Bloom’s taxonomy is an order of forms of thinking and questioning. It is used by teachers to create higher level thinking questions and activities for students. This is important because a teacher doesn’t want all of their questions/lessons to be memorizing facts. Most content being taught needs to be remembered, understood, applied, analyzed, evaluated, and created. The taxonomy was changed later on to better fit today’s thinking. I’ll be explaining the revised taxonomy.At the bottom of the order comes remembering, which means being able to recall. Sample action verbs include: choose, describe, define, identify, label, list, locate, match, memorize, and recognize.
Next in the order is understanding. Understanding means comprehension. Sample action verbs include: Classify, explain, demonstrate, match, discuss, distinguish, illustrate, select, and show.
After understanding is applying. This means being able to take what you have learned and use it for something else. Sample action verbs include: Apply, choose, classify, explain, examine, judge, organize, prepare, select, show, solve, and use.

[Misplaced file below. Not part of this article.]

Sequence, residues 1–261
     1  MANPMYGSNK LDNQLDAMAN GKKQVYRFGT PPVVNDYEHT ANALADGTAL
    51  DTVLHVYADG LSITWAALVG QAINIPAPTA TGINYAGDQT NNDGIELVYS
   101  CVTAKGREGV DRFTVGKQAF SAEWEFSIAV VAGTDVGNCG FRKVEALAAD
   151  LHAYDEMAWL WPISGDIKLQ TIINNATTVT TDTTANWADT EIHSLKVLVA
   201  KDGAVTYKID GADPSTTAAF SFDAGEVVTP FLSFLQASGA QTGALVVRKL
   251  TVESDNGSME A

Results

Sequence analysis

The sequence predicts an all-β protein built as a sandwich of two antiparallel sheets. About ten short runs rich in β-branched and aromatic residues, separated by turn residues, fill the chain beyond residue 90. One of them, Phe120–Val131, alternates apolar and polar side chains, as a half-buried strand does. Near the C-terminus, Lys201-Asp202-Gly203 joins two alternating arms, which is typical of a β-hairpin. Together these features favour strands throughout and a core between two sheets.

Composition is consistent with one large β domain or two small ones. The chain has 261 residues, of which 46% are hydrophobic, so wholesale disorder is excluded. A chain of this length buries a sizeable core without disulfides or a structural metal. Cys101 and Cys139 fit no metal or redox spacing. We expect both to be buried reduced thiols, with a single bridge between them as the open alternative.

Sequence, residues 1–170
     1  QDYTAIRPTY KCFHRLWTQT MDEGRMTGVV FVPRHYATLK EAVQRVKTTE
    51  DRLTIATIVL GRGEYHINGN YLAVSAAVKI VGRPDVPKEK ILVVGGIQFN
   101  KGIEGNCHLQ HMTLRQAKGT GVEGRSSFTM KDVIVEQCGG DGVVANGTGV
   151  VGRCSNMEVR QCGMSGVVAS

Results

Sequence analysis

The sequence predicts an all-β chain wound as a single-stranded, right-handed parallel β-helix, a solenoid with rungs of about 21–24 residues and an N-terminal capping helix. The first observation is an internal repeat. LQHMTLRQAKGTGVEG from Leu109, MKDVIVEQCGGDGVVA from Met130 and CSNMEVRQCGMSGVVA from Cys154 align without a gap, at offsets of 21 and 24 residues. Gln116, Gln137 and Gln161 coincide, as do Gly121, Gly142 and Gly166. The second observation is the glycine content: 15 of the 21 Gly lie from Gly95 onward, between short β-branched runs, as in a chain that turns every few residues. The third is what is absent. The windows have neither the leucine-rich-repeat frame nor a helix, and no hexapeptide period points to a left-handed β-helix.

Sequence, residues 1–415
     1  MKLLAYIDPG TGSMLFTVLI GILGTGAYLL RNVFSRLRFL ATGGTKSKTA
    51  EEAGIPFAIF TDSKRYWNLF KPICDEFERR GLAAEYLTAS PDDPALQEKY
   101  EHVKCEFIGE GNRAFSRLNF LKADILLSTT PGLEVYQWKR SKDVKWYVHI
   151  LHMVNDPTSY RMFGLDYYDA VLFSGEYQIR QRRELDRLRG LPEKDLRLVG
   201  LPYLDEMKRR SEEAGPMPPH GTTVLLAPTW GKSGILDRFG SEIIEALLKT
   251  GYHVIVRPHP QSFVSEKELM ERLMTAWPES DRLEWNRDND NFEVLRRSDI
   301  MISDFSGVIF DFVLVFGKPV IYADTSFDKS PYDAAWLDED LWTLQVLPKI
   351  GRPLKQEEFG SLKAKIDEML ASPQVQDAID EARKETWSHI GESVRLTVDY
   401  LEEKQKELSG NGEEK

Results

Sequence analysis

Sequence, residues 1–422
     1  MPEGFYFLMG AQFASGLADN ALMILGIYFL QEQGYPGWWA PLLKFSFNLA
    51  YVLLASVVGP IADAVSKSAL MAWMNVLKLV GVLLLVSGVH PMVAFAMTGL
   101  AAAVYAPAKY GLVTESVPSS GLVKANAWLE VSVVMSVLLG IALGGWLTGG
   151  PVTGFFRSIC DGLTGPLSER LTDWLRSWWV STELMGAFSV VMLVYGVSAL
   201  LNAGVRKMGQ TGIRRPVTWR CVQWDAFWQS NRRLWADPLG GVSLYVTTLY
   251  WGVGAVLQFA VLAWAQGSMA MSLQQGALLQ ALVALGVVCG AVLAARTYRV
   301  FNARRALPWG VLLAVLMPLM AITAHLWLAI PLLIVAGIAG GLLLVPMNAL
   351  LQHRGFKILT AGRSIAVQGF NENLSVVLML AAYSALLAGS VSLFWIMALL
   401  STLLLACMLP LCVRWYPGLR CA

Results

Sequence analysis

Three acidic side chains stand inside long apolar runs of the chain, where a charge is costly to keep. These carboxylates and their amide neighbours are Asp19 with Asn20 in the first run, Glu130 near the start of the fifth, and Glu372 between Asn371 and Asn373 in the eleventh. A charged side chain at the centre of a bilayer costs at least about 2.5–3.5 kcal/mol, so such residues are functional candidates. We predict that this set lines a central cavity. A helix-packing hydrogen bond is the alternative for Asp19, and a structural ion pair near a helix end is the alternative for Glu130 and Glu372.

Next in Bloom’s Taxonomy is analyzing ,which means thinking about and making decisions on content. Sample action verbs include: analyze, arrange, classify, compare, develop, diagram, differentiate, identify, and select.
After analyzing is evaluating. To be able to evaluate means a student can think critically about the content. Sample action verbs include: Appraise, judge, defend, compare, assess, conclude, contrast, critique, determine, justify, and support.
Finally, at the top of the order is creating. To create means to think about the content, analyze it, and create something based off of it. Sample action verbs include: choose, combine, construct, create, design, develop, formulate, hypothesize, produce, devise, explain, and integrate.
Coffey, Heather. “Bloom’s Taxonomy.” Bloom’s Taxonomy. Learn NC, n.d. Web. 29 Jan. 2017. <http://www.learnnc.org/lp/pages/4719>.